Doing This One Easy Thing Might Make Waking Up Easier, According to Sleep Experts
You've likely been there: It's 6:30 a.m. Your alarm is sounding, yet you've heard it so many times—and hit snooze on autopilot immediately—that it's almost instinctual to do it again today. It's stressful yet habitual. Why do we do this to ourselves? And is there something about this scenario that we can change to stop the snooze streak and actually wake up on time?
It might all boil down to understanding sleep inertia, and how to manage it, says Carleara Weiss, Ph.D., a sleep science advisor at Aeroflow Healthcare's Sleep division.
What Is Sleep Inertia, Exactly?
Sleep inertia is the scientific name given to that groggy feeling many of us feel after lifting our heads from our pillows.
"This grogginess is not only just a feeling; it affects our cognitive and physical performance as well. Studies indicate that our cognitive performance, including thinking ability, decision-making and memory, plus physical performance, are significantly reduced when we experience sleep inertia," Weiss explains. "However, we recover gradually from it through the day as the grogginess fades."
The duration and intensity of sleep inertia vary on situational factors, and its lingering impact may last a few minutes to several hours, adds Sanam Hafeez, Psy.D., a neuropsychologist and faculty member at Columbia University in New York City.
One of the factors about the waking process that can have a direct connection to sleep inertia timespan, according to a January 2020 study in the journal PLOS One: the type of sound you choose as your alarm. Melodic alarms tend to shorten the perceived sleep inertia time, the researchers found. That means a chipper tune or your current favorite song might help you wake up brighter than that incessant beeping noise typical to many alarms.
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How Your Alarm Impacts Your Ability to Wake Up Feeling Well-Rested (or Not)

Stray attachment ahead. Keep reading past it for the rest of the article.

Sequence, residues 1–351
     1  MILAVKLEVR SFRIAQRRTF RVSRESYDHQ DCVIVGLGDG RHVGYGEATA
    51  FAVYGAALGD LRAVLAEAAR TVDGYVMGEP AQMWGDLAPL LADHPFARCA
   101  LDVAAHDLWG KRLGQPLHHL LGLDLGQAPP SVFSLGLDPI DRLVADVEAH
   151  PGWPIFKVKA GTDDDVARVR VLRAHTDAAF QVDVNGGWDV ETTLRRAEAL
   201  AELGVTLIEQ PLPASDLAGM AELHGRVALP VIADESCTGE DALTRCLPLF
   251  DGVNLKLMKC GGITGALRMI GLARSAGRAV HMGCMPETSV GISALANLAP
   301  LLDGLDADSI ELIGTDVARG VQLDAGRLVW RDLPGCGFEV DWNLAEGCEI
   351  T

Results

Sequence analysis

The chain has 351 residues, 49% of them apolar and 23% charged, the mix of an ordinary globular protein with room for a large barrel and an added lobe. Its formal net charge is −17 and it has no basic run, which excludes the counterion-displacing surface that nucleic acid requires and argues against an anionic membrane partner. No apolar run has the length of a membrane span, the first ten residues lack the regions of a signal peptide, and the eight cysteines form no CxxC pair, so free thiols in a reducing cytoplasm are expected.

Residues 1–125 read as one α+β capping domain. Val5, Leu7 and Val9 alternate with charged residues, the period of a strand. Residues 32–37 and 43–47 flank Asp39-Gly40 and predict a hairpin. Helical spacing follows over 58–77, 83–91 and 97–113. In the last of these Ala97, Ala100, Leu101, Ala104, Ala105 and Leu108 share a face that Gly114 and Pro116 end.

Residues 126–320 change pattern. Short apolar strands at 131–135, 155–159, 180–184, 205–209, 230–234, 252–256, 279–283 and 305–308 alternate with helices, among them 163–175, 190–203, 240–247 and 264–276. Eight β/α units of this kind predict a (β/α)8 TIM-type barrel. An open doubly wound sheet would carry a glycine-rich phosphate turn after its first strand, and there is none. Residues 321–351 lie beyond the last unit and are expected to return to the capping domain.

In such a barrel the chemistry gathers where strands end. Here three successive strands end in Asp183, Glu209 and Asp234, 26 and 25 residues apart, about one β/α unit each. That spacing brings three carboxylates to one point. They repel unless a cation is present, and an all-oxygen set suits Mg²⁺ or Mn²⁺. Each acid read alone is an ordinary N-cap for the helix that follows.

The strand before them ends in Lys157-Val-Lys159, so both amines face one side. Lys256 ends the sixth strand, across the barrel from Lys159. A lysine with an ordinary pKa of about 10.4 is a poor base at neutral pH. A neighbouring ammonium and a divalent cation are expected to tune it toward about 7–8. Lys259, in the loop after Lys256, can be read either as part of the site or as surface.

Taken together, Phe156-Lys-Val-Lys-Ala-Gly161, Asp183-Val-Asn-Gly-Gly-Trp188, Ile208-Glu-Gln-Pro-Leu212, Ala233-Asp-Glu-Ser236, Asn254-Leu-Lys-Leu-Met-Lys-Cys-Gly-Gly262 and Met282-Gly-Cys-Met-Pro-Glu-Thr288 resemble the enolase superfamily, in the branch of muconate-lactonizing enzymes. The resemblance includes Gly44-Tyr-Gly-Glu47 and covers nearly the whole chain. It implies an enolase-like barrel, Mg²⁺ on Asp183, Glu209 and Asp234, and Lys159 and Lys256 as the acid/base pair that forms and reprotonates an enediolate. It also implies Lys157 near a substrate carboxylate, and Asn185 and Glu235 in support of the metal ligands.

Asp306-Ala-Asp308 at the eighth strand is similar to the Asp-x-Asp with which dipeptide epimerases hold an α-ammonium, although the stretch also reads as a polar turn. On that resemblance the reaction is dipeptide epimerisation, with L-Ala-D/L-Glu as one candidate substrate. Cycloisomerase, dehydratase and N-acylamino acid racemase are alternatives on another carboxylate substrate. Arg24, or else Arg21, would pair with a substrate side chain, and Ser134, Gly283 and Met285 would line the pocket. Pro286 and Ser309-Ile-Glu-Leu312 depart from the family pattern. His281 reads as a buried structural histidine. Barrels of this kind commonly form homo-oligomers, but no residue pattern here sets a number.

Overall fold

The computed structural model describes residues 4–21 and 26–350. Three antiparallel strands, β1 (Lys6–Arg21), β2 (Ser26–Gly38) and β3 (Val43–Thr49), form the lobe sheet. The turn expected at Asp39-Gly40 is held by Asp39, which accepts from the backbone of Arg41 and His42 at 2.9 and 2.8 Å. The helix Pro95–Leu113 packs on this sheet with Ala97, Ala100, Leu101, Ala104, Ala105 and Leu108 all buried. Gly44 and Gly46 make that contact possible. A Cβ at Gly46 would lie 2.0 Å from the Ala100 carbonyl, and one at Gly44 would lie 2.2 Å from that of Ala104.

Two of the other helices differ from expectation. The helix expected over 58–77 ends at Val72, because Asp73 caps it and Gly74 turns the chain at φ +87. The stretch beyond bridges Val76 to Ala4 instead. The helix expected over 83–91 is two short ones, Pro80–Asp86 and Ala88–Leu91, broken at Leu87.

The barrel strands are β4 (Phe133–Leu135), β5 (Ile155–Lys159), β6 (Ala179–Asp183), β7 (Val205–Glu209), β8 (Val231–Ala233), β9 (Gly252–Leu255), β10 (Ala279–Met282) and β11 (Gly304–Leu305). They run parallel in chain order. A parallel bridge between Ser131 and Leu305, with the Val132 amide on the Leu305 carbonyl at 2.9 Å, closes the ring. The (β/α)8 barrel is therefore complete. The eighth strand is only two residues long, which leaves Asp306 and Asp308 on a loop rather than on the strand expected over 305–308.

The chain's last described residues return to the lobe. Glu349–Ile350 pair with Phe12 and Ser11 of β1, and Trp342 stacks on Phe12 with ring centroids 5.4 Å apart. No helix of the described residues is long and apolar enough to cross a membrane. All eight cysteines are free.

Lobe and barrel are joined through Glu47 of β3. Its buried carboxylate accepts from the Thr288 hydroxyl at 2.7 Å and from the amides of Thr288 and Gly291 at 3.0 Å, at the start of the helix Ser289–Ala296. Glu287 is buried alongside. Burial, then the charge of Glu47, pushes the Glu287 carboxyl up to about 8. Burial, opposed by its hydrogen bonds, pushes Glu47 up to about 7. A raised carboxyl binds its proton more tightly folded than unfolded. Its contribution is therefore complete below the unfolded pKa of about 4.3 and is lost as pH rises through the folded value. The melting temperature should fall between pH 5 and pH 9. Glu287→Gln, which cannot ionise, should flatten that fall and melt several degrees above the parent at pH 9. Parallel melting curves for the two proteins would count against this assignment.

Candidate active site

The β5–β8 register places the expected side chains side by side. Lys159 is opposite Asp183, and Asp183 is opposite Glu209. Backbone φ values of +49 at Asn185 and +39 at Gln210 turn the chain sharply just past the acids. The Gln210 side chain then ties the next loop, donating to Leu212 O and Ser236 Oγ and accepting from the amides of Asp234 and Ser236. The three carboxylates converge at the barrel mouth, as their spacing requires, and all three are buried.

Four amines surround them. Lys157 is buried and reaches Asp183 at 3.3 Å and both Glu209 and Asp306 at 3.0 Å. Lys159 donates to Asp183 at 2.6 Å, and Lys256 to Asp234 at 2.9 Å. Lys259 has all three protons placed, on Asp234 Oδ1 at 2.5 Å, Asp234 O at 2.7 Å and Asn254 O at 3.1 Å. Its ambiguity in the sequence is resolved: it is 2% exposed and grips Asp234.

That said, sound-based alarms of any kind set with the volume all the way up can be very jarring for the body.
"They shock our body and brain into waking up," Hafeez says. "If you're in a deep sleep, your system will be even more shocked, and your body releases adrenaline, and your blood pressure and heart rate will increase. When you wake naturally, you do not begin the day with adrenaline surging through your body."
Translation: You don't start the day on a calm or clear note. Instead, you're immediately placed into a fight-or-flight scenario, which may increase levels of the stress hormone cortisol coursing through the body.
"A few studies indicate that, over the long run, this stress can increase the risk of a heart attack. There is no conclusive data on this hypothesis, but the bottom line is that loud alarms increase the stress level upon awakening," Weiss says.
The Best Alarm Features to Make Waking Up Easier
For those of us who need an alarm to rise on time, but also want to wake up feeling bright and chipper, there is a rest Rx, the doctors agree.
"The best alarm clock should combine two features: sound and light," Weiss says. "The sound should increase gently—a sound of each person's preference [preferably something melodic to reduce sleep inertia]. The light should mimic sunrise to help our internal biological clock gradually adjust to the impending day and regulate our melatonin and cortisol levels accordingly."
Many sunrise alarms rely on light to steadily wake you up over the course of 20 to 30 minutes, just like a sun might rise. The lighting feature, accurately also called a sunrise alarm, is particularly beneficial during the winter months in countries in the northern hemisphere, Weiss explains. Something like this can be found in a product like the Hatch Restore Personalized Sleep Solution (buy it: $129.99, Target).
"Waking up using light can enhance your mood, cause you to feel more alert and lead to better concentration throughout the day. If you use a sound-based alarm or opt to add the one on your light alarm, a gentle, calming tune can help allow for a less stressful, more natural awakening," Hafeez says.
Birds singing tend to be soothing, she adds, but there is no universal best alarm sound. (These 4 tips for better sleep, though, tend to work for most humans!)
"It's important to select a sound that works best for you," says Hafeez.
The Bottom Line
To make the waking phase easier, try to keep your sleep and wake cycles in alignment with the rise and fall of the sun, Hafeez recommends. "The human brain and body naturally respond to environmental cycles. Waking up as the sun rises and going to sleep shortly after sunset helps wakefulness patterns in humans and helps regulate sleep."
Our biological clocks use our wake-up time to set the stage for hormone regulation and multiple physiological functions (such as metabolism and cognition), Weiss adds, so a consistent wake-up time is critical for health. "Plus a peaceful and more natural wake-up routine will benefit overall health. So investing in an alarm clock with lighting and sound features, or an app in your phone that creates that, is a good choice for your wellness journey," she concludes.
ICYMI, Katie Couric swears by this easy-wake alarm clock for better sleep and more energy, and it checks all the boxes to give you a bright start to the day.